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DIABETES VIDEO: Nateglinide Does Not Stave Off Diabetes, Cardiovascular Disease Among High Risk Patients
DIABETES VIDEO: Nateglinide Does Not Stave Off Diabetes, Cardiovascular Disease Among High Risk Patients

(April 21, 2010 - Insidermedicine)

The short-acting insulin secretagogue nateglinide does not help stave off diabetes or cardiovascular vents among high risk patients with impaired glucose tolerance, according to a trial published in the latest issue of the New England Journal of Medicine.

Here are some recommendations for the prevention of diabetes, from the American Diabetes Association:

•    A structured program should emphasize lifestyle changes that include moderate weight loss (7% body weight) and regular physical activity (150 min/week

•    Dietary strategies should include reduced calories and reduced intake of dietary fat

•    Diet should include 14 g dietary fiber/1,000 kcal and foods containing whole grains

Researchers representing the NAVIGATOR Study Group randomized 9,306 patients with impaired glucose tolerance and either cardiovascular disease or cardiovascular risk factors to receive nateglinide up to 60 mg three times daily or a placebo. The study also involved randomization to treatment with valsartan or placebo, in a 2-by-2 factorial design, and all participants engaged in a lifestyle modification program.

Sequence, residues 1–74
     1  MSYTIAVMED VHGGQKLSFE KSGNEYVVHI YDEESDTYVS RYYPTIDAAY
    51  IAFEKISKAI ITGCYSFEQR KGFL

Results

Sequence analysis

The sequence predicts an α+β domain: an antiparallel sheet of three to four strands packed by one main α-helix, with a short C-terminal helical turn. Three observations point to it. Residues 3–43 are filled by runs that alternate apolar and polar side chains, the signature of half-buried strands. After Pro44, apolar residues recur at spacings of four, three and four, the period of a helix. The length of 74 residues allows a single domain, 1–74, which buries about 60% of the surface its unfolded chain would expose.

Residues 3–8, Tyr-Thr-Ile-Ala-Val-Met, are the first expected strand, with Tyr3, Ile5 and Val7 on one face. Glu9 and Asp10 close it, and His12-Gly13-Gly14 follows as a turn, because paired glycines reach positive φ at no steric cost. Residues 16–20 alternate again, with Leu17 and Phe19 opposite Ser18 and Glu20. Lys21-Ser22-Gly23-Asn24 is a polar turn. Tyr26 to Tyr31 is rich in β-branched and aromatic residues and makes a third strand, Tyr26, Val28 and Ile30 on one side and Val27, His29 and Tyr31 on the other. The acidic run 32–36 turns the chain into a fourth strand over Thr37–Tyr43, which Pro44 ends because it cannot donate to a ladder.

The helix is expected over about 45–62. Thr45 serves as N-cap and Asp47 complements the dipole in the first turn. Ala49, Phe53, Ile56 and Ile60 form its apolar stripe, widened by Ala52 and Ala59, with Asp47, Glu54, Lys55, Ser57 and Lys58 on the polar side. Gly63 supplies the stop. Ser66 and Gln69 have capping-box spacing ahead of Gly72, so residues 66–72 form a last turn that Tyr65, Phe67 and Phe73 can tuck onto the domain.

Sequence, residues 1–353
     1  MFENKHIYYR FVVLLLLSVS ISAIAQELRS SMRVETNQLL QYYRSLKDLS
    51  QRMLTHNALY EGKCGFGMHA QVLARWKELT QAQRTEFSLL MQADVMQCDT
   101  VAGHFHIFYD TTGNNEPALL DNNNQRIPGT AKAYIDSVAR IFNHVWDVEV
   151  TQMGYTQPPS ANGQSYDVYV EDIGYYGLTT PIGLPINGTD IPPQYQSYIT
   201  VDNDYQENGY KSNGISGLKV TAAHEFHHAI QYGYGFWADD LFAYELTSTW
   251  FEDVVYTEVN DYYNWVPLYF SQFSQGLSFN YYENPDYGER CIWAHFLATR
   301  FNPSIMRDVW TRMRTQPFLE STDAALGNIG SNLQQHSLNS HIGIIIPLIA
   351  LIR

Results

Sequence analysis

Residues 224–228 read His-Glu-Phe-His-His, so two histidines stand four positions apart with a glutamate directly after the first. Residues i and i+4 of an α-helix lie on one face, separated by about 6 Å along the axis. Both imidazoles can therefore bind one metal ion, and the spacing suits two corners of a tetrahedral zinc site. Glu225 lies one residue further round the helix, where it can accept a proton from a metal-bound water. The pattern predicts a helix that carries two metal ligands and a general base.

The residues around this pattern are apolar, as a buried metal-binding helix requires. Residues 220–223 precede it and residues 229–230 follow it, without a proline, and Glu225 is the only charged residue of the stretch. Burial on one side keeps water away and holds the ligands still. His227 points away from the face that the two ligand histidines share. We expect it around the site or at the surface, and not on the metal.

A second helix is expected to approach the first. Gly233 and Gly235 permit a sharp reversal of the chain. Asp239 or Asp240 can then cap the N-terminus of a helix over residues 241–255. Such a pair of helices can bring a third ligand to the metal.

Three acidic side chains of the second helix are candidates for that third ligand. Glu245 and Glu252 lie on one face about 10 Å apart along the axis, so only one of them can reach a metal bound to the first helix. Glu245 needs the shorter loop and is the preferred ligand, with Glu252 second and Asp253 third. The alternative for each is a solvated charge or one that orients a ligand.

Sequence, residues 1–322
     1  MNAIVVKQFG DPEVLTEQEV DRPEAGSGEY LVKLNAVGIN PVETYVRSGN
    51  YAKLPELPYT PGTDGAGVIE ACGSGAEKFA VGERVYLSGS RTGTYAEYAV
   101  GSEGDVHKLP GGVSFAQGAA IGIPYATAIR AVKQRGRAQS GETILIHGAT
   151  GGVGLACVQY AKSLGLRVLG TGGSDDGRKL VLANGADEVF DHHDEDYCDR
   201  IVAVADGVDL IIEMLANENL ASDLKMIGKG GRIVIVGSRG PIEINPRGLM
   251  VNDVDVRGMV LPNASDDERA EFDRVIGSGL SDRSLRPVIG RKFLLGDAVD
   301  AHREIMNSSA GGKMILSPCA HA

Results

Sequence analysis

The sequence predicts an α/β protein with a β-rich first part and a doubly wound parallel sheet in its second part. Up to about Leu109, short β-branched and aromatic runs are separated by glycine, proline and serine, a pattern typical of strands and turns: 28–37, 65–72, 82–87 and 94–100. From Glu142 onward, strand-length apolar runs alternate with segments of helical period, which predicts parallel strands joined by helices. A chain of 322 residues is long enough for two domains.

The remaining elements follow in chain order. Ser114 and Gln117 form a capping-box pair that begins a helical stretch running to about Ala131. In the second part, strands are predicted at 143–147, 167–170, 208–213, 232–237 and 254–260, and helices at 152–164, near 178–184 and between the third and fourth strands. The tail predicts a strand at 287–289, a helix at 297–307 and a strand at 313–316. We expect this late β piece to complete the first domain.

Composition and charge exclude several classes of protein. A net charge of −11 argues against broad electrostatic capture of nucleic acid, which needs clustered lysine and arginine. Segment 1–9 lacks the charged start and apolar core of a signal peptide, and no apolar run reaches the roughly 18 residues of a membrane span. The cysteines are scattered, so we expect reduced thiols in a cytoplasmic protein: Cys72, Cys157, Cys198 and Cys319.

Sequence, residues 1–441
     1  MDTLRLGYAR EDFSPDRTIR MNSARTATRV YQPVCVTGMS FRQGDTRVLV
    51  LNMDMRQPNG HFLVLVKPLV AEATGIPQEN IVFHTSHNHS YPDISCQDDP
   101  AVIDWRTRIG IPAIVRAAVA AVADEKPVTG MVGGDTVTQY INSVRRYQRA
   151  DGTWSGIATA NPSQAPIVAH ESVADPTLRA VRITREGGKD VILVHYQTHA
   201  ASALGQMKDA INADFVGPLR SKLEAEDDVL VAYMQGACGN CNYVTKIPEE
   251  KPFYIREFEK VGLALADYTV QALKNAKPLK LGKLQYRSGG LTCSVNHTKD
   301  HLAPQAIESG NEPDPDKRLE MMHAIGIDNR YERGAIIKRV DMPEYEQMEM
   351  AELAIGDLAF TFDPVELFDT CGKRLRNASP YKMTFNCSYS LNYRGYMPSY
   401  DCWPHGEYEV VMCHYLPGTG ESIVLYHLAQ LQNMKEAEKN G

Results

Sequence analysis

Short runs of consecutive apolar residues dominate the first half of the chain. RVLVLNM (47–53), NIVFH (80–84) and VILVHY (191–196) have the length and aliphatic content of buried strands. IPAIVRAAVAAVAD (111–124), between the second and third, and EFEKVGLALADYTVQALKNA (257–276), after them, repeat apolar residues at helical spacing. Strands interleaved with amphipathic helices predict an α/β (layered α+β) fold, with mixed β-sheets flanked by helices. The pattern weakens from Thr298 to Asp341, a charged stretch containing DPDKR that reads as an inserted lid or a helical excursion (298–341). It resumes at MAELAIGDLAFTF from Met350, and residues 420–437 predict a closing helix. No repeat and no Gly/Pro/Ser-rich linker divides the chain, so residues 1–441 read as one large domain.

After a median follow-up of five years, the cumulative incidence of diabetes was 36% in the nateglinide group and 34% in the placebo group. There was also no difference between nateglinide or placebo users with regard to the composite of death from cardiovascular causes, nonfatal myocardial infarction, nonfatal stroke, or hospitalization for heart failure or hospitalization for unstable angina or arterial revascularization. Patients taking nateglinide did, however, have an increased risk of hypoglycemia.

Today’s research suggests that short-acting insulin secretagogues are not effective for reducing the risk of diabetes or cardiovascular events among high risk patients.

 
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